It ended up surprising, nevertheless, that in 1990 and in the worst scenario possible, with the economy completely destroyed, nearly inexistent social services, all the warehouses empty, all the attrition imposed by the war, and a precarious military situation, the revolution maintained 40.8% of support expressed by the votes.

During the decade of 1990 Sandinism was fractured. In this way the MRS emerged in 1995. Later on, in 1999, hundreds of us left, denouncing the neoliberal, authoritarian drift and the culture of power sharing in the top leadership of the FSLN, when Ortega made a pact with Arnoldo Alemán to distribute between themselves, and undermine, the institutions of the State. On coming to power in 2007 Ortega did it with new allies: liberals, conservatives, contras, part of the Catholic hierarchy and big capital.

The authoritarian regime of Ortega and Murillo not only did away with the already fragile democratic institutions of Nicaragua, but also put an end to the last accomplishments of the revolution. An organized people who learned to defend their rights moved to nourishing completely submissive organizations whose only currency is the defense of Ortega; critical and autonomous universities, ended up in the absolute control of the department chairs to impose the story of the government; citizen participation was replaced by vertical Orteguista control. The National Police, recognized as professional and apolitical for decades, became a guard of the dictator, highly repressive; and an Army that evolved favorably in the 90s under a patriotic and non-bellicose manner, became a strategic element for keeping Ortega in power. There are no vestiges left for political archaeology of the popular and progressive essence of the revolution.

All the authoritarian and corrupt policies, as well as the crimes committed, have been carried out in the name of Sandinism, the left and a project that Ortega and his followers cynically call “the second stage of the revolution.” Ortega in this way pretends to take over the history of the just anti-Somocista struggle. And at least for now he is achieving it. On the one hand, one sector of the combatants of that feat have been turned into paramilitaries responsible for repression against the citizenry. On the other hand, there are those who, for selfish interests, persist in assimilating the brutal Ortega dictatorship with the 1979 revolution; and the crimes against humanity committed in 2018, they incorrectly assimilate with the casualties of the civil war of the 80s.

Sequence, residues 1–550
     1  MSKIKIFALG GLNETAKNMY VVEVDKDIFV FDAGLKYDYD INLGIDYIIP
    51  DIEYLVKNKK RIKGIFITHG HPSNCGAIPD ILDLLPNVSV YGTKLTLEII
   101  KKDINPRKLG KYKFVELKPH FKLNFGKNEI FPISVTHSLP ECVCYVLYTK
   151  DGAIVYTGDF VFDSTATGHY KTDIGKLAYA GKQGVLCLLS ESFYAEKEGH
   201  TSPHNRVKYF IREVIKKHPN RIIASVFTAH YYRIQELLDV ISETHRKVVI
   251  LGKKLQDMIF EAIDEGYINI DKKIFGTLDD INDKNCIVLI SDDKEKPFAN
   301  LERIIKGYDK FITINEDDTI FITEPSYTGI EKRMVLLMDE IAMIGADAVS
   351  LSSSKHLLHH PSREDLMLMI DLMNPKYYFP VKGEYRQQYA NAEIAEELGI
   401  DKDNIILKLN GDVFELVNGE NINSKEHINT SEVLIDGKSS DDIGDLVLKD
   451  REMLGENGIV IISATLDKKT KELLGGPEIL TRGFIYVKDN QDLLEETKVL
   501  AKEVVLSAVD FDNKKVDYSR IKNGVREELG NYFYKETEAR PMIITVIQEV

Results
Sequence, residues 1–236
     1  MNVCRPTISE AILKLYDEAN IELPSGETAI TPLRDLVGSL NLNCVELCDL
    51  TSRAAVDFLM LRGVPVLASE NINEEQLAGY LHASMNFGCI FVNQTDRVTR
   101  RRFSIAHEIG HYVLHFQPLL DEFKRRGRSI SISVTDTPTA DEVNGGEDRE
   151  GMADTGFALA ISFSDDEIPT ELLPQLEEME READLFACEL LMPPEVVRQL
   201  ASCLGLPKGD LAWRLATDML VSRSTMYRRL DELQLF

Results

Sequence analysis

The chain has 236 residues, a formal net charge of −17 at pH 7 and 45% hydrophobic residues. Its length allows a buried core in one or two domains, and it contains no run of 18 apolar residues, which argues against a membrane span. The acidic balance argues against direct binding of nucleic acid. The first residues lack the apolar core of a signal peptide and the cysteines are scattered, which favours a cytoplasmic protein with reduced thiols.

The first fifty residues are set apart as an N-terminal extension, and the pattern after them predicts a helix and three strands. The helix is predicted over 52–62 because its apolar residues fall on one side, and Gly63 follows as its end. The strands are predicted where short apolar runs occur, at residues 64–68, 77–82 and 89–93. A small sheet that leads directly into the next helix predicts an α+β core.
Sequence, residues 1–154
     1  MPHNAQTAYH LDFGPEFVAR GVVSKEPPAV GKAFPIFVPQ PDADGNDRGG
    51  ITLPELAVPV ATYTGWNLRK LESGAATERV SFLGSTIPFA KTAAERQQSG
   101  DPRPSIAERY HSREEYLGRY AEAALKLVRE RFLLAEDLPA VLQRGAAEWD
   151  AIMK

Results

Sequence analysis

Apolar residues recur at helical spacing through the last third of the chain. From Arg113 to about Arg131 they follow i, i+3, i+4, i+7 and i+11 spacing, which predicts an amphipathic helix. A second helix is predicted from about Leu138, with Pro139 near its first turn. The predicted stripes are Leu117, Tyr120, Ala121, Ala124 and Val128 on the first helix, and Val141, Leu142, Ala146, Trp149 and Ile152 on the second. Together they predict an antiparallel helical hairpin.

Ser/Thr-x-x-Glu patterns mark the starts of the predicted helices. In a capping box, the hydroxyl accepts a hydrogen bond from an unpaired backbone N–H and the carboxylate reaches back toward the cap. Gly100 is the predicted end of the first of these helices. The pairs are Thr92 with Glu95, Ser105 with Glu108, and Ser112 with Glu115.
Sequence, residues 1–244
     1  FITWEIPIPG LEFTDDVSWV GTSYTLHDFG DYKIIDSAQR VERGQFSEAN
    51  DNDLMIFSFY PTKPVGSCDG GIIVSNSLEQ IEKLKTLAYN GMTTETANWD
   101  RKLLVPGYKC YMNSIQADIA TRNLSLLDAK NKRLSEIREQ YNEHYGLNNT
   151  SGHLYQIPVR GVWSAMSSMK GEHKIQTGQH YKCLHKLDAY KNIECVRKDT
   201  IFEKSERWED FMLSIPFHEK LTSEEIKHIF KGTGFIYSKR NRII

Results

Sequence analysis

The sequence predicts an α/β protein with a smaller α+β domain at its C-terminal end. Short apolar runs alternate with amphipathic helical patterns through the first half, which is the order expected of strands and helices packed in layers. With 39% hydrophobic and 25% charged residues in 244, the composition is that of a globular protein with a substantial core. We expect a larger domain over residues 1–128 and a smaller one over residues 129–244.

In addition, while Ortega shows more and more his reactionary disposition, people from the Trump administration insist on calling him a communist. On the other hand, sectors from the international left take the empty discourse of Ortega as true, instead of examining his policies and actions, thus supporting a conservative, corrupt and criminal dictator.

But history, which puts the facts, motivations and true heroes and heroines in their place, will know how to differentiate between the men and women who gave their lives for freedom throughout the four decades (between the 50s and 80s), from the criminals who, manipulating the symbols and discourse of that time, do just the opposite to the ideals that moved thousands of youth to fight. This the Sandinistas submissive to the regime know well, whose consciences challenge them every day.

The Nicaraguan patriots who got involved in the anti-dictatorial struggle prior to July 19th did so with the best of intentions, like – it has to be said – most of those who fought in the civil war of the 80s, on one side and the other. The examples of the heroes of those campaigns inspired thousands of participants in the uprising of April to rise up against this new dictatorship. Those murdered of 2018 are today the icons of the new generations of fighters and will be fused in history with those of past feats.

A present challenge is learning from our history without subordinating it to prejudices and self- serving ideological stories. And on this anniversary of the revolution, it is important to realize that today, like yesterday, the struggle of the people of Nicaragua continues to be achieving liberty, democracy, justice for the victims, and social justice for all. The relaunching of a true transformative and inclusive project, that would unite the vital forces of Nicaraguans, is needed for that purpose.  The new generations and their emerging leaders are committed to this challenge.